02 Comparative Economic Systems. Sistemas Econômicos Comparados

COMPARATIVE ECONOMIC SYSTEMS . SISTEMAS ECONÔMICOS COMPARADOS. PROF. DR. DARCY CARVALHO. FEA-USP. SÃO PAULO. BRAZIL 2019. STUDIES IN COMPARATIVE ECONOMICS. ESTUDOS DE ECONOMIA COMPARATIVA  

By comparing alternative economic systems, we can better understand how each of them works. Understanding the basic nature of each kind of economic systems is essential for guidance and planning. During the twentieth century the United Nations played an important role in the effort to understand the mechanisms of the economic systems and in the wide-spreading of informed economic policies. After the World War Second many agencies with an economic character have been created, such as the IMF, The World Bank, the OECD, the FAO and the Economic Commissions for Latin America and for the Far East. Some of them already lost their impact but left a rich heritage of thoughtful papers that deserve to be read. In these two first decades of the XXI century, we live an epoch of transition, on the wake of the collapse of Socialism, the finantial crisis of the welfare state and the emerging contradiction between liberalism or market lead economics and environment conservation. The profound changes that took place in the World economy since the late eighties, particularly the intensification of globalisation and the transition en masse of former socialist economies to market capitalism, and the many new emerging economies of Asia, have had profound consequences for the study of Economics as a whole. These consequences were dramatic for disciplines that have traditionally dealt with economic systems, they have just disappeared  or have been deeply changed. Traditional Comparative Economics or Comparative Economic Systems is evolving now into a new field, the New Comparative Economics.

Comparando os sistemas econômicos podemos melhor compreender como funciona cada um deles.

SISTEMAS ECONOMICOS COMPARADOS POR CARLOS MARQUES PINHO AND DIVA BENEVIDES PINHO. EDITORA DA UNIVERSIDADE DE SÃO PAULO. EDITORA SARAIVA, 1984, 292 PAGES: Generalidades da análise sistêmica; sistemas econômicos, seus componentes e estruturas; sistemas econômicos abstratos ou puros: complexos correntes de estruturas; principais sistemas históricos, tentativas de sistemas intermediários, sistema cooperativista rochdaliano e cooperativismo não-rochdaliano de carater empresarial, sistema corporativista; sistemas econômicos concretos ou impuros, falta de coerência estrutural, principais regimes econômicos contemporâneos; capitalismo de mercado, capitalismo regulado, capitalismo igualitário; regimes de economia socialista, planificação centralizada, socialismo de mercado e convergência dos sistemas econômicos; desenvolvimento e subdesenvolvimento, e o terceiro mundo; a complexa problemática dos países emergentes, não-alinhamento e dependência; a controvertida tese da convergência sistêmica; regimes econômicos em função do homem e não em função da técnica; bibliografia.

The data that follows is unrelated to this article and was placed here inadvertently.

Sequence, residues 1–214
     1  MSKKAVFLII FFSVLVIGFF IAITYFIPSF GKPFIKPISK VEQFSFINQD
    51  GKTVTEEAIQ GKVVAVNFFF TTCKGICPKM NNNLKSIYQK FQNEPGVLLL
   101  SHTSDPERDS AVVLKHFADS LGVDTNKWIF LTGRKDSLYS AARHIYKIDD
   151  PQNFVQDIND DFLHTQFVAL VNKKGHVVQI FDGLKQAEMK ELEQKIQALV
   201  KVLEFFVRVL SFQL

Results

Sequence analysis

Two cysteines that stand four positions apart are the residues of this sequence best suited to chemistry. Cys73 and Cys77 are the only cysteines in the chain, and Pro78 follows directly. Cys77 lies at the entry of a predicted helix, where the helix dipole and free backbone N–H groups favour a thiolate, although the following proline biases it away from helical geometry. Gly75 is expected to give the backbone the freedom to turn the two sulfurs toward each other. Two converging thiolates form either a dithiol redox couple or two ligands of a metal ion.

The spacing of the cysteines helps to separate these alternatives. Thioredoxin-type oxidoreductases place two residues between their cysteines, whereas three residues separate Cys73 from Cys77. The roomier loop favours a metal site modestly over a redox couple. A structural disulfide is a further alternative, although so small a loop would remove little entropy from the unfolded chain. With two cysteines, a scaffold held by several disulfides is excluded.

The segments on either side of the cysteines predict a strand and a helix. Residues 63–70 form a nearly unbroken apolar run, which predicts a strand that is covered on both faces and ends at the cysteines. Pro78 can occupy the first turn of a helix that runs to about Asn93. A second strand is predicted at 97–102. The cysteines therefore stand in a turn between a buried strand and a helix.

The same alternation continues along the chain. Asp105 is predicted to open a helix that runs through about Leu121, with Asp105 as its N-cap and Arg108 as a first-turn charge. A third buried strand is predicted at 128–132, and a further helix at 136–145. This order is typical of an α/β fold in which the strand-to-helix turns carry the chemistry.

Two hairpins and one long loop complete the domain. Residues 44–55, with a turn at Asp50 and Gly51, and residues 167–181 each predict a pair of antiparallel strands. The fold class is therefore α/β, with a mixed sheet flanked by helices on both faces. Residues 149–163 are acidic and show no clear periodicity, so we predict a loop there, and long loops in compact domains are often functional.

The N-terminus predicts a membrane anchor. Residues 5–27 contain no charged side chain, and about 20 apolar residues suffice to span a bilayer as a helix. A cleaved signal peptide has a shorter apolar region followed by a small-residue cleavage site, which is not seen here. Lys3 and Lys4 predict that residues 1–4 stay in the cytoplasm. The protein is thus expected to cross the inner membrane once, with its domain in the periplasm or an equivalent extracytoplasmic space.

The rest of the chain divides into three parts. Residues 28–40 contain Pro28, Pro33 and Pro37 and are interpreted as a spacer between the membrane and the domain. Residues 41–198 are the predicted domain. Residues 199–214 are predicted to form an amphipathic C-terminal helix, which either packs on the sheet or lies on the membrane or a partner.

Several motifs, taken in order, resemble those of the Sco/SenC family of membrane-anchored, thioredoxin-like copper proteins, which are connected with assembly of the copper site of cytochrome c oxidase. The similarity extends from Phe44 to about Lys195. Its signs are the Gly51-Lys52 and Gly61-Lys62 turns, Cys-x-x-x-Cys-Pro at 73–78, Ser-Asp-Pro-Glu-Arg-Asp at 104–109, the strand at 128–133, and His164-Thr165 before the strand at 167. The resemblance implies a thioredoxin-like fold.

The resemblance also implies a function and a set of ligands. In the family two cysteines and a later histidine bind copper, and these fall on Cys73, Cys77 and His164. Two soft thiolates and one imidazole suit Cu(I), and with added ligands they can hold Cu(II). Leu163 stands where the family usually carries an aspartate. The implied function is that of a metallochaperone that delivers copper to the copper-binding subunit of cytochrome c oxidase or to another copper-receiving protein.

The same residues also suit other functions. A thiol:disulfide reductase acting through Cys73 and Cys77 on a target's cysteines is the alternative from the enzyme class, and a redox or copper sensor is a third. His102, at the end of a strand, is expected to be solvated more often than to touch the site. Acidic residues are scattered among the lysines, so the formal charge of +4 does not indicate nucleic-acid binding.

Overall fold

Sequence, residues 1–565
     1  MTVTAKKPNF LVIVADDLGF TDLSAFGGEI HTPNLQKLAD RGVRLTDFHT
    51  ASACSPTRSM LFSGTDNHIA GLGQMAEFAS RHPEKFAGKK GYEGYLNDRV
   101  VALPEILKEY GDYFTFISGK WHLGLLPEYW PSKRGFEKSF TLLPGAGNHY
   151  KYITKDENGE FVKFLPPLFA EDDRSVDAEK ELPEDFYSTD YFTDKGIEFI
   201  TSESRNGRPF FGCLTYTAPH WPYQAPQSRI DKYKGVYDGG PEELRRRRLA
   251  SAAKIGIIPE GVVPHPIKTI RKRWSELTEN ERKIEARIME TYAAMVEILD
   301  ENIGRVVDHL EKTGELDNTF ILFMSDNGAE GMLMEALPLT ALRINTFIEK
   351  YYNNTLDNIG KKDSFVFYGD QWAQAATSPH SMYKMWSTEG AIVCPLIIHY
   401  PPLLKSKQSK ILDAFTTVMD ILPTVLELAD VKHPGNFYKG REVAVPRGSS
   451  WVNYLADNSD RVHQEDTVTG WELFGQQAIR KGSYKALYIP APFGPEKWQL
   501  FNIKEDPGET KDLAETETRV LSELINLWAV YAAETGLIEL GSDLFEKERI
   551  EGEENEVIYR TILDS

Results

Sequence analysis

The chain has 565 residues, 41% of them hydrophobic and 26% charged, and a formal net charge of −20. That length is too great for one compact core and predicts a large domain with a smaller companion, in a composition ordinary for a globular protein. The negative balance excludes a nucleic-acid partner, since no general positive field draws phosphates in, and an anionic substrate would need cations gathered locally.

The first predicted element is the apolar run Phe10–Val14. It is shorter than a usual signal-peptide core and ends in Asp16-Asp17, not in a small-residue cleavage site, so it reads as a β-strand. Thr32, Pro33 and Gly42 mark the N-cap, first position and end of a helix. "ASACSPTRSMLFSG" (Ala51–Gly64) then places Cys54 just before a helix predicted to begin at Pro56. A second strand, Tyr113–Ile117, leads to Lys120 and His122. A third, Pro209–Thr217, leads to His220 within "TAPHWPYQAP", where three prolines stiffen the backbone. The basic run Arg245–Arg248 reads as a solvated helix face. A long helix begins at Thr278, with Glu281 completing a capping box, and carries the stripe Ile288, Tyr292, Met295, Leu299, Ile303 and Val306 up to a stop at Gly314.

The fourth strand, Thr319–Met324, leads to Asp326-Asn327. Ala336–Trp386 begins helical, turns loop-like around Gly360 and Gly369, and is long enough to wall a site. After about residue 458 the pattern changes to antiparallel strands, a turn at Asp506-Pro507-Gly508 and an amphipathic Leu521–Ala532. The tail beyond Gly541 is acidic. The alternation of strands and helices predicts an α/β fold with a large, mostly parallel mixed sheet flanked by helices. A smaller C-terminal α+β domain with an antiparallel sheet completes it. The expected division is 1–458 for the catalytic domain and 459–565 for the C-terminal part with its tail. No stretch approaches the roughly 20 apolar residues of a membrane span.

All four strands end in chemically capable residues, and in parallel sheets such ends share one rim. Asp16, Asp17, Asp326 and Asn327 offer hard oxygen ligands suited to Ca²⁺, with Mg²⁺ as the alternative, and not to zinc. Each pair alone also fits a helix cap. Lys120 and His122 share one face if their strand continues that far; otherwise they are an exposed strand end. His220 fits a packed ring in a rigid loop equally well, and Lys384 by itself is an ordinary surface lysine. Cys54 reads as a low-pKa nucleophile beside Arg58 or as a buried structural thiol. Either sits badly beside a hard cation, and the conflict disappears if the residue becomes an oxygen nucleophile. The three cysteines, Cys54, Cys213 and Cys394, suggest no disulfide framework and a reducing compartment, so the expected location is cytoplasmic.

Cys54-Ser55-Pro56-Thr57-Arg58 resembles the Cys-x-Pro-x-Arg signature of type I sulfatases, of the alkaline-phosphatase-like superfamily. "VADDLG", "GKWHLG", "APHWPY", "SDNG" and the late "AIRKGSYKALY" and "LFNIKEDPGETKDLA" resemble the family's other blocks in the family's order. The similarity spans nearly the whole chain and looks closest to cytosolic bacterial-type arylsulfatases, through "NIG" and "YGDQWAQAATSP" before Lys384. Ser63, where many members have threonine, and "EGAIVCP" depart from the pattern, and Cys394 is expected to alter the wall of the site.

Comparative Economic Systems by Carlos Marques Pinho and Diva Benevides Pinho (Late Professors of the Departament of Economics of the University of São Paulo)belongs to the traditional field of Comparative Economic Systems. The authors, therefore, compare the theoretical foundations of the major economic systems of the XXth Century:  Capitalism, Socialism and the Mixed Economic Systems, hybrids or intermediate systems, that combine Capitalism and Socialism in different degrees. The authors supply a complete exposition of the economic system concept, as a pure, theoretical entity and as a concrete working economy. The many forms historically assumed by concrete capitalism, on the ground socialism and the possibility of intermediate systems are pointed out and studied. This work contains also an analysis of Rochdalean and non-Rochdalean cooperativism as an intermediate economic system, written by Diva Benevides Pinho.

https://archive.org/details/SISTEMASECONOMICOSCOMPARADOSCARLOSEDIVAPINHO

The profound changes that took place in the World economy since the late eighties, particularly the intensification of globalisation and the transition en masse of former socialist economies to market capitalism, and the many new emerging economies of Asia, have had profound consequences for the study of Economics as a whole. These consequences were dramatic for disciplines that have traditionally dealt with economic systems, they have just disappeared  or have been deeply changed. Traditional Comparative Economics or Comparative Economic Systems is evolving now into a new field, the New Comparative Economics.